Diagnosing Alzheimer’s is important. It means you can get the right support and treatments. It also means you can plan for the future. If you are worried about your health, you should talk to your doctor.

Diagnosing Alzheimer’s is important. It means you can get the right support and treatments. It also means you can plan for the future. If you are worried about your memory or health, you should talk to your doctor.

If your doctor suspects Alzheimer’s or another type of dementia, they may refer you to a memory clinic or another specialist clinic. Here, a doctor or nurse will run through some questions and tests with you. These are likely to include:

  • Questions about your concerns, your symptoms and how they affect you day to day.
  • Questions about your general health and medical history.
  • Speaking with your partner or someone close to you about your symptoms.
  • A physical check-up.
  • Completing some pen-and-paper tasks to check your memory, thinking and problem-solving skills.

You may be offered other tests, including brain scans and blood tests. Occasionally a lumbar puncture is used, where a sample of fluid is taken from the base of the spine. This tests for abnormal levels of the proteins, amyloid and tau, linked to Alzheimer’s disease.

Together, all of these things will help a doctor find out about any problems in memory or thinking and the likely cause.

Currently there is no way to diagnose any type of dementia with 100% accuracy. Your doctor will make a clinical judgement about the most likely diagnosis to explain your symptoms based on the information they collect from these assessments and tests.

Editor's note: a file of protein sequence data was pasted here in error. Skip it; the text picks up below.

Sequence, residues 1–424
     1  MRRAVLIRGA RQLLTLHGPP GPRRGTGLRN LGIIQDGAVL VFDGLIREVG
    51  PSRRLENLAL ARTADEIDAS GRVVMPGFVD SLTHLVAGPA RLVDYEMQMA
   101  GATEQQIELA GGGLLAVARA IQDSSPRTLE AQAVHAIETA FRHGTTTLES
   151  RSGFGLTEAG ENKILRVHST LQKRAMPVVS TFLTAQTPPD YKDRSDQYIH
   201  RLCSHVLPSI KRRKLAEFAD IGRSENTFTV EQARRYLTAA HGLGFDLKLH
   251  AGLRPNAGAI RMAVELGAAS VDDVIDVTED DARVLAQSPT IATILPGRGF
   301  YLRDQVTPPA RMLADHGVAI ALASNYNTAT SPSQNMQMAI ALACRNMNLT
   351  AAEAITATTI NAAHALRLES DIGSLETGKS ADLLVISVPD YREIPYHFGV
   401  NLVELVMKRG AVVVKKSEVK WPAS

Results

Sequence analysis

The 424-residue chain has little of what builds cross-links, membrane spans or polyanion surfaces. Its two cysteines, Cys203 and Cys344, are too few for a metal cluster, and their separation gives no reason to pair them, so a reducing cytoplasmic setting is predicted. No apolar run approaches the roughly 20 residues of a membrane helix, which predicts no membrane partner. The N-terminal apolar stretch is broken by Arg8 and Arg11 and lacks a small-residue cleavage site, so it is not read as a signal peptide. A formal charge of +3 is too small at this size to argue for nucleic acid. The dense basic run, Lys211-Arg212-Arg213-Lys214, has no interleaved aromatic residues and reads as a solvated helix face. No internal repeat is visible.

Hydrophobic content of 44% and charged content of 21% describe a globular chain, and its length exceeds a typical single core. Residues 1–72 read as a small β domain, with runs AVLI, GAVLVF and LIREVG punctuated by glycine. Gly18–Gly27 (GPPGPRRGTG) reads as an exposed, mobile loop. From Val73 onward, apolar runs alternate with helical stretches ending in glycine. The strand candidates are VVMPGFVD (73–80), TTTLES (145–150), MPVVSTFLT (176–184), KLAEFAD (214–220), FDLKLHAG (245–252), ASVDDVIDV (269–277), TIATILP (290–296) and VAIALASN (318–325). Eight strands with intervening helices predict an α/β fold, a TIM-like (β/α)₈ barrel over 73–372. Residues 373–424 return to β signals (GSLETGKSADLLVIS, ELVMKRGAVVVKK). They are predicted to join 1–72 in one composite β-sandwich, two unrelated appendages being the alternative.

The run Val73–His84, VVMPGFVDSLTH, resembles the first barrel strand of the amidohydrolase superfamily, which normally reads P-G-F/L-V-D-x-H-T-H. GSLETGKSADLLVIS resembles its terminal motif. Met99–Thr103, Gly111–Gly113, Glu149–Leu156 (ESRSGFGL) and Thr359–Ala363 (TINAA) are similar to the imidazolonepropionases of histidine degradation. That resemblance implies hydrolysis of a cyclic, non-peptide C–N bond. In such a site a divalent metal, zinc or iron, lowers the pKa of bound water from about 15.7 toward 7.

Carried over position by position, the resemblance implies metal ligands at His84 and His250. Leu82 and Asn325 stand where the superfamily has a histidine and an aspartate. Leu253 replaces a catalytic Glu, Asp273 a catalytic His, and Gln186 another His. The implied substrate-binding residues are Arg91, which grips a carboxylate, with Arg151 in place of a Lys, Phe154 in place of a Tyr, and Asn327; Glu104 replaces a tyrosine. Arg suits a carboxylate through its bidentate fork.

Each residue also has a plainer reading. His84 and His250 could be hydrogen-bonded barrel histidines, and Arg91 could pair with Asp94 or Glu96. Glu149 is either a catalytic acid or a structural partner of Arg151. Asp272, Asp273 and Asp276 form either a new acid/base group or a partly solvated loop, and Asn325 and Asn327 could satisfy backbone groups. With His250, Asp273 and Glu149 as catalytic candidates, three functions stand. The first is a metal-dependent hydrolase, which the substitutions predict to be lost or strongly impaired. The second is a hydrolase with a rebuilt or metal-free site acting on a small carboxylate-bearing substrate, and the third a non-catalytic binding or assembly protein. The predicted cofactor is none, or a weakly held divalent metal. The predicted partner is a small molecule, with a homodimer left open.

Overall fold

If symptoms are mild or the cause is uncertain, the doctor may want to test for any further changes over time. For this reason, they may repeat these assessments in the future to see if symptoms have got worse, to help them make a more accurate diagnosis.

If you are assessed for the possibility of having Alzheimer’s or another form of dementia, you can choose not to know the diagnosis. You can also choose who else can know about your diagnosis.

What is Alzheimer's disease?

Find out more about the symptoms and causes of Alzheimer's disease, and the treatments currently available.

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Alzheimer’s Research UK has a wide range of information about dementia. Order booklets or download them from our online form.

This information was updated in June 2020 and is due for review in June 2022. It does not replace any advice that doctors, pharmacists or nurses may give you. Please contact us if you would like a version with references.

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